October Man, The (1947)

October Man, The (1947)

“An injured brain isn’t always logical.”

A brain-injured man (John Mills) suffering from PTSD feels renewed hope for the future when he falls in love with a caring, beautiful young woman (Joan Greenwood) — but when he’s falsely accused of murdering a neighbor (Molly Newman), he must struggle to clear his name and convince police about the true identity of the killer.


  • Falsely Accused
  • Joan Greenwood Films
  • John Mills Films
  • Roy Ward Baker Films

Roy Ward Baker’s directorial debut — based on a novel and screenplay by Eric Ambler, who also produced the film — remains an intriguing if mildly disappointing exploration of the effects of trauma on one’s sanity and well-being. After a taut opening sequence — during which Mills’ “Jim Ackland” witnesses the death of his friend’s young child (Juliet Mills) in a train crash while sustaining a significant brain injury — we experience brief joy on his behalf as he slowly begins to find peace and happiness, then suffer with him as he’s cruelly taken advantage of by both a vicious gossip (Joyce Carey) and a sociopathic boarder (Edward Chapman). The parallels between Jim’s story and those of countless other WWII veterans suffering from PTSD are unmistakable and poignant — so it’s especially frustrating to find that the pacing and tone of the film become far too leisurely for the potentially gripping material. Atmospheric cinematography and fine performances (by Mills and the supporting cast) make it worth a one-time look — but, as noted by Craig Butler in his All Movie Guide review, “There’s so much that’s good about The October Man that it’s a shame it doesn’t end up as a really good film, rather than a merely satisfactory one”.

Redeeming Qualities and Moments:

  • John Mills as Jim Ackland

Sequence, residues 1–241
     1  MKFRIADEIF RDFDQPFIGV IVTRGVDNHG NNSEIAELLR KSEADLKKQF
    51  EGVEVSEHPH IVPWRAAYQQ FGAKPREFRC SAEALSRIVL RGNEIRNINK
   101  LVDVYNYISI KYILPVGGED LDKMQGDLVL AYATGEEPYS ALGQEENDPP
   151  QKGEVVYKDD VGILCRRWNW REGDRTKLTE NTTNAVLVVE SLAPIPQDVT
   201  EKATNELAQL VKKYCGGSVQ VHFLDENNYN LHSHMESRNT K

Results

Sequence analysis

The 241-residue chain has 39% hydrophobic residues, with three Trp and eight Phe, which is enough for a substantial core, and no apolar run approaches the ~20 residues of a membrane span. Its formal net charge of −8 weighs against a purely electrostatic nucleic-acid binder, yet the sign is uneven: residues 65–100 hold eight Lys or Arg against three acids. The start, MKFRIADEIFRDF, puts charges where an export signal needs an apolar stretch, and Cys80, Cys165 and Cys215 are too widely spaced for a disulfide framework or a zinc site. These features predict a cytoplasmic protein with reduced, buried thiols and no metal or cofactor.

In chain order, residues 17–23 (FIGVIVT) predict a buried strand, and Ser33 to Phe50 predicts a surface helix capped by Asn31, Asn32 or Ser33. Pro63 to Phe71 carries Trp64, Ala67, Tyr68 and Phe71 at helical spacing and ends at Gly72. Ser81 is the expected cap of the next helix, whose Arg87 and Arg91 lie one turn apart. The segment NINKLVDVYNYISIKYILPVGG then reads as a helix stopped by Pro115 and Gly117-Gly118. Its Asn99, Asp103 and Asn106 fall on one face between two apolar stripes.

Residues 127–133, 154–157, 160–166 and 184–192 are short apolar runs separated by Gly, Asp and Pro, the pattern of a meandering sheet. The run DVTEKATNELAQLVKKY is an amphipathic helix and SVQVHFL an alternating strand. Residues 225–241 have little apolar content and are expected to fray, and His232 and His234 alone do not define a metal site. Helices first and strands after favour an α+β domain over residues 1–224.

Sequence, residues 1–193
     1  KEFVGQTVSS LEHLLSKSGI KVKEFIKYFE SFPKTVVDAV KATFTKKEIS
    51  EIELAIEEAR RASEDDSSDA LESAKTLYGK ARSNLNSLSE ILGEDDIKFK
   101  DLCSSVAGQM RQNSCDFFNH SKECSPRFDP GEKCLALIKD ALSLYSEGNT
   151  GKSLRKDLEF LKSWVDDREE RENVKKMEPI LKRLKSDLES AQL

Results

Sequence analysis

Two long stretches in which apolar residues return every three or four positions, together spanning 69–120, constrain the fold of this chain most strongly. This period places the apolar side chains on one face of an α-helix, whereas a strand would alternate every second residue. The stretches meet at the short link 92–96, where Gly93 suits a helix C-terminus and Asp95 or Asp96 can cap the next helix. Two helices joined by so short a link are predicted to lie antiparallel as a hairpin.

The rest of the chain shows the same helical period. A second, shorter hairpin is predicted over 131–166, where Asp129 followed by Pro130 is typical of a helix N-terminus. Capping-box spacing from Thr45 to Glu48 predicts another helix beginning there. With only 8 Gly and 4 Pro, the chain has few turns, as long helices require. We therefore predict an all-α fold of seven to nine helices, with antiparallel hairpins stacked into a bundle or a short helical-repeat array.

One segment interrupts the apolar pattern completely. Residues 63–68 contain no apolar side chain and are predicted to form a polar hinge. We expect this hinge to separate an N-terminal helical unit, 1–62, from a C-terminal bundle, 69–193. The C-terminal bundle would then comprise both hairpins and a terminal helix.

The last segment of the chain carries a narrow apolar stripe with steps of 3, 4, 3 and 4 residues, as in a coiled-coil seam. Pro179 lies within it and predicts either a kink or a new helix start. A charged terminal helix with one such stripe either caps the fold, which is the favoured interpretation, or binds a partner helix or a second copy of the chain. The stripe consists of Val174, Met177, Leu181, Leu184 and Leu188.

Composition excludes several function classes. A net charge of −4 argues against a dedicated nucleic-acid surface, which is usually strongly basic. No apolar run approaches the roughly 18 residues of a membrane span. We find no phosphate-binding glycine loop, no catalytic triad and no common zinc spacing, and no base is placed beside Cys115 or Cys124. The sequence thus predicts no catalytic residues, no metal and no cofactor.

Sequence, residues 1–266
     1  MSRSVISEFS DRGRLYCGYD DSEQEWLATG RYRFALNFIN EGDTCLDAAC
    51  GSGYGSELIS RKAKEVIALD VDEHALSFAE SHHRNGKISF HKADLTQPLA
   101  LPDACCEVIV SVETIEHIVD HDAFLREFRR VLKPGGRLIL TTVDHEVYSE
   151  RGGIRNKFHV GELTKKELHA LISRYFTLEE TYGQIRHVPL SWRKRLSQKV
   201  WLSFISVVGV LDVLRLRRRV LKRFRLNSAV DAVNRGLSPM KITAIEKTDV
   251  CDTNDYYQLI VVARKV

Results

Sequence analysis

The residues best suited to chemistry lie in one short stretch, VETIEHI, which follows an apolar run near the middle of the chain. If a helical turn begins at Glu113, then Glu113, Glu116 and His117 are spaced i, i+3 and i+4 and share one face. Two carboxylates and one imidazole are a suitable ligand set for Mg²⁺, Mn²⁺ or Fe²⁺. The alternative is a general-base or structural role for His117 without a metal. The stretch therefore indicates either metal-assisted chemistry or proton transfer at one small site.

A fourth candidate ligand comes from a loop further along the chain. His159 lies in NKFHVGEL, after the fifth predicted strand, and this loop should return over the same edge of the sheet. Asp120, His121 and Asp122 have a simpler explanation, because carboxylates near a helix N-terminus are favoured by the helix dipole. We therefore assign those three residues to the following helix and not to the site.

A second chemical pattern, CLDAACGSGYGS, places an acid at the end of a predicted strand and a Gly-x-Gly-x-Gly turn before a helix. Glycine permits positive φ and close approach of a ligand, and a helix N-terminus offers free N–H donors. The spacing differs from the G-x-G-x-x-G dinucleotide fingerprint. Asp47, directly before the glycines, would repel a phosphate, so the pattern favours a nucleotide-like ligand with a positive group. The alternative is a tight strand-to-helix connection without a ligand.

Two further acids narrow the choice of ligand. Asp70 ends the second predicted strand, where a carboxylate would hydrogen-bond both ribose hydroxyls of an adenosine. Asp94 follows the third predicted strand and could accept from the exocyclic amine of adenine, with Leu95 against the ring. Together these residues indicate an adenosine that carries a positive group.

• A fine supporting cast
  • Erwin Hillier’s noir-ish cinematography

Must See?
No, though it’s recommended.


One thought on “October Man, The (1947)

  1. First viewing. Not must-see, and in agreement with the review. [Bit of a spoiler ahead.]

    This is a disappointing film indeed. I’d been looking forward to seeing it, mainly since I generally like the director’s other films. But a director can only do so much with his material if it is on the weak side. After a rather promising start, ‘TOM’ begins to unravel from within and its potential does indeed progressively evaporate. (The plight of those suffering from PTSD is more effectively dealt with elsewhere – esp. as it relates to war veterans, most memorably in Huston’s doc ‘Let There Be Light’.)

    Worst of all, its nature as a whodunit is feeble. Normally, I’m not the type who tries to keep one step ahead of a mystery story; I prefer to just let the story be told rather than analyze much as information comes to me. But here…it’s rather easy to detect early on exactly what is going on behind Mills’ back and why.

    I would go one step further than Mr. Butler: it’s a shame that a film with intriguing elements ends up being hardly satisfying at all and more or less forgettable.

    Side note: The aspect of gossip and suspicion among boarders put me in mind of the film of Terence Rattigan’s ‘Separate Tables’, in particular – tho gossip and suspicion in close quarters is hardly uncommon in film.

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